Introduction The human papillomavirus (HPV) vaccine, administered in early adolescence, can substantially reduce cervical cancer incidence and mortality. However, lack of written parental consent is a key reason why some young women do not receive the vaccine. The national legal framework allows girls to be vaccinated without parental consent provided they are deemed Gillick competent, but there is some reticence about vaccinating without written parental consent. Self-consent procedures are being implemented in Bristol and South Gloucestershire. This study will examine the implementation, acceptability and impact of these new procedures. Methods and analysis Statistical analyses of routine data from Public Health England and the Child Health Information System will test if there has been an increase in HPV vaccination uptake in two ways: (a) Is there an increase when comparing before and after the change in our intervention sites? and (b) Does the percentage change in our intervention sites differ from comparison sites (similar to our intervention sites in terms of initial HPV uptake, ethnicity and deprivation levels) in England where no such intervention took place and how? For the process evaluation, we will develop a logic model and use questionnaires, observations and audio-recorded interviews with young women, school nurses, school staff and parents to examine the context, implementation of self-consent and response to the new procedures. Ethics and dissemination The University of Bristol Faculty of Health Sciences Research Ethics Committee and the National Health Service Health Research Authority provided approvals for the study. We will produce a report with recommendations about self-consent procedures in conjunction with key stakeholders. At least two papers will be written for publication in peer-reviewed journals and for conference presentations. A summary of results will be shared with participating immunisation nurses, school staff, young people and parents as requested. Trial registration number ISRCTN49086105; Pre-results.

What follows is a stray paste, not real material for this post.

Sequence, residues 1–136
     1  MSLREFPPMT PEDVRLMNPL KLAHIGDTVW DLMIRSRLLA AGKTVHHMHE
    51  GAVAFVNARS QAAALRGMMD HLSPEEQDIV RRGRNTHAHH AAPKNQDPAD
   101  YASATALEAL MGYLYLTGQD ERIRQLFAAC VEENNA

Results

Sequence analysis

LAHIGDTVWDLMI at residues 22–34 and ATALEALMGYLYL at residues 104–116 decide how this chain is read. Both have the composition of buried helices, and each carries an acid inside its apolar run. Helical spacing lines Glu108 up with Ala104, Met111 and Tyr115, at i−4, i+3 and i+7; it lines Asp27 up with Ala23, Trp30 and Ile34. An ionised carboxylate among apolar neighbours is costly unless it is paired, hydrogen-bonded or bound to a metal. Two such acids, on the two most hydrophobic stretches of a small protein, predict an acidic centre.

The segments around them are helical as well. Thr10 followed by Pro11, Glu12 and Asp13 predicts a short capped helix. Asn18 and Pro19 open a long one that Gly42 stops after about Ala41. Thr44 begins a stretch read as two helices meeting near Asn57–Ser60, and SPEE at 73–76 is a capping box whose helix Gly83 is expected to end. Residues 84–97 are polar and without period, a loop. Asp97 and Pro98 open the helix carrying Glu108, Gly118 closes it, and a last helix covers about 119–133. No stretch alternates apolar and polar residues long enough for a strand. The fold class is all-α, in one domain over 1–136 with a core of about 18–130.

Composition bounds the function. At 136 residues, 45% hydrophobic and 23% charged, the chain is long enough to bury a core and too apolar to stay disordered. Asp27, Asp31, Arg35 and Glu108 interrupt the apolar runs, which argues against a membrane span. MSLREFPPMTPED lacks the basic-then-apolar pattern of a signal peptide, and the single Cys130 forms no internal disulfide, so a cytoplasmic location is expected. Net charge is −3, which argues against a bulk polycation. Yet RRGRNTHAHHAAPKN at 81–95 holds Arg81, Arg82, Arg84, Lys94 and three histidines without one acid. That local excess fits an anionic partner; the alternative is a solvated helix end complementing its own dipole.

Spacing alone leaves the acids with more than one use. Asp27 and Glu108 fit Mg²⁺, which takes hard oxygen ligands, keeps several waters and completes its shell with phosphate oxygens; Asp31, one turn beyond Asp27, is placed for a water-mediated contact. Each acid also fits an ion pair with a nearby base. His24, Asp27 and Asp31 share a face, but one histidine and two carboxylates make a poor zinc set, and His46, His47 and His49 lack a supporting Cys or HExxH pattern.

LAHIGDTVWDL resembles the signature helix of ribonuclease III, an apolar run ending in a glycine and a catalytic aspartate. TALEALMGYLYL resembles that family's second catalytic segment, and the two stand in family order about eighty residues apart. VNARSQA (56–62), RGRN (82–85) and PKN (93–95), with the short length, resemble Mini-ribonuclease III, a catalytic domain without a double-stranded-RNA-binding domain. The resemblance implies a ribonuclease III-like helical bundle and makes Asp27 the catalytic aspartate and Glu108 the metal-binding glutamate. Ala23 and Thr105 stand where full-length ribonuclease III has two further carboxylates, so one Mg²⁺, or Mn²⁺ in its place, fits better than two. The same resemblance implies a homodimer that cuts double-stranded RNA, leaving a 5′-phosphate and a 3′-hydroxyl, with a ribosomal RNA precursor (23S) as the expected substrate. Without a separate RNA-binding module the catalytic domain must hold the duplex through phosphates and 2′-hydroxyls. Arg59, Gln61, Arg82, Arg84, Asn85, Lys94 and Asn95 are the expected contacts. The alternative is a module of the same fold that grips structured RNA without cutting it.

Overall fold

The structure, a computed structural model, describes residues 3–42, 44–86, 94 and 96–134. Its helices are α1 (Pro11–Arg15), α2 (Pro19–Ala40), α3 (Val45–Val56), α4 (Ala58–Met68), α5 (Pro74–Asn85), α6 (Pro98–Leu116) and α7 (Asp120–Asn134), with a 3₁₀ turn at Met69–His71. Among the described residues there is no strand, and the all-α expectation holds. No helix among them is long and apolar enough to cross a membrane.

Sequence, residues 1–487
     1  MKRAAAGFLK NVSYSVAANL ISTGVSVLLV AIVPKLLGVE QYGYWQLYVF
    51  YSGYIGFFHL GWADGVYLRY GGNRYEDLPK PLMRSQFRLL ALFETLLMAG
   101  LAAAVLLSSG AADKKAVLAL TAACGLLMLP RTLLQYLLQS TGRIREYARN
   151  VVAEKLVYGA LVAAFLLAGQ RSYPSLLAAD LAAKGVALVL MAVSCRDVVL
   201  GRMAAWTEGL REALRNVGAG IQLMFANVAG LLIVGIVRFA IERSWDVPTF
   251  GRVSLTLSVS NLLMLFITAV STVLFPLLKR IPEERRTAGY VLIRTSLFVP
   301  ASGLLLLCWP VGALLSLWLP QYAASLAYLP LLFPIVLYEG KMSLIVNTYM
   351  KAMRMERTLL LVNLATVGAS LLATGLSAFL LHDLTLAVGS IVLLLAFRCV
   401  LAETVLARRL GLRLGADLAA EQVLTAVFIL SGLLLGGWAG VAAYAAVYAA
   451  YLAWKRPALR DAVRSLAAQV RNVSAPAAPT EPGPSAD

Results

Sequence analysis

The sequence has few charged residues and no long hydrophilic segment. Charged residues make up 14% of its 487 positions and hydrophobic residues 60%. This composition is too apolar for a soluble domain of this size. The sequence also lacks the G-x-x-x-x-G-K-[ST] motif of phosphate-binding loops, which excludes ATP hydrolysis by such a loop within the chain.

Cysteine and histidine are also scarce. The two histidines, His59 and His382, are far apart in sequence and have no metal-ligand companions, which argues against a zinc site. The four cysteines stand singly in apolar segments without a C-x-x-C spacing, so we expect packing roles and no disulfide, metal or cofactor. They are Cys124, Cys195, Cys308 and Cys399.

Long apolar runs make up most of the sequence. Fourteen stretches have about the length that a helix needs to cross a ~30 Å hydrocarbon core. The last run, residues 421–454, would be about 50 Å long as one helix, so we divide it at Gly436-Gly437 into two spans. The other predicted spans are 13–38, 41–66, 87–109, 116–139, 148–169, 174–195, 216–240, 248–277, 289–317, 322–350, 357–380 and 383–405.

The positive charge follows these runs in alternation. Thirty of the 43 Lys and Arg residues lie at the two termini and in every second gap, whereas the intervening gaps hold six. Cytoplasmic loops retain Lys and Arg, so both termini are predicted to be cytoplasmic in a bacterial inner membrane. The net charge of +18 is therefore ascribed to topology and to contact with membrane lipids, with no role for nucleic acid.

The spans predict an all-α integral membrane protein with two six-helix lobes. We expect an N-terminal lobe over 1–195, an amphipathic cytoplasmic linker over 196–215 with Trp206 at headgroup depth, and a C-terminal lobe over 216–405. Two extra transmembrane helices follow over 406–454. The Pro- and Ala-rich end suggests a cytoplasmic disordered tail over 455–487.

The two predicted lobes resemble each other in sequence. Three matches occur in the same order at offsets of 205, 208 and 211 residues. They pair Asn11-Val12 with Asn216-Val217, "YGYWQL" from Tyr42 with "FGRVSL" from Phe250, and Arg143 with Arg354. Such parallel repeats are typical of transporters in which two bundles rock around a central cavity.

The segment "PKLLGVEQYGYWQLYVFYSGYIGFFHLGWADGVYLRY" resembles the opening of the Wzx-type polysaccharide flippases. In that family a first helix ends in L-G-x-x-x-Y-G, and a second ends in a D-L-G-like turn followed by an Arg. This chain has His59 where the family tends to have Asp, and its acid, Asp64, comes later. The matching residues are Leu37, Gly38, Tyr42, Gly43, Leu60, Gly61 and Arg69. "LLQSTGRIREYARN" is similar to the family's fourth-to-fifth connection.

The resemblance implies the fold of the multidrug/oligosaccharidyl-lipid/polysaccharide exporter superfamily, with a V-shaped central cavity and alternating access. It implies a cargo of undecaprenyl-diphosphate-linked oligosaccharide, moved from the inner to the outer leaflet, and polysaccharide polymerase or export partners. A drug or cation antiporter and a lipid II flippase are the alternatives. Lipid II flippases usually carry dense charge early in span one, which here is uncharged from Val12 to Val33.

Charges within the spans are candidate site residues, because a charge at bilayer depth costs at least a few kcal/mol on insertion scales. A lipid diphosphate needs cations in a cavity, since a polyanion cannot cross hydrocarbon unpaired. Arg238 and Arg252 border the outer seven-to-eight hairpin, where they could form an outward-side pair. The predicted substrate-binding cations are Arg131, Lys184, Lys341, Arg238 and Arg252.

Bibliographical noteFunding Information:
Funding This work is funded by the National Institute for Health Research's Research for Patient Benefit (NIHR RfPB) programme (project number PB-PG-0416-20013). The study is partly supported by the NIHR Health Protection Research Unit in Evaluation of Interventions at University of Bristol. The work was undertaken with the support of The Centre for the Development and Evaluation of Complex Interventions for Public Health Improvement (DECIPHer), a UKCRC Public Health Research Centre of Excellence. Joint funding (MR/KO232331/1) from the British Heart Foundation, Cancer Research UK, Economic and Social Research Council, Medical Research Council, the Welsh Government and the Wellcome Trust, under the auspices of the UK Clinical Research Collaboration, is gratefully acknowledged. disclaimer The views and opinions expressed therein are those of the authors and do not necessarily reflect those of the NHS, the NIHR, NIHR RfPB Programme, the Department of Health or Public Health England.
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- health policy
- sexual medicine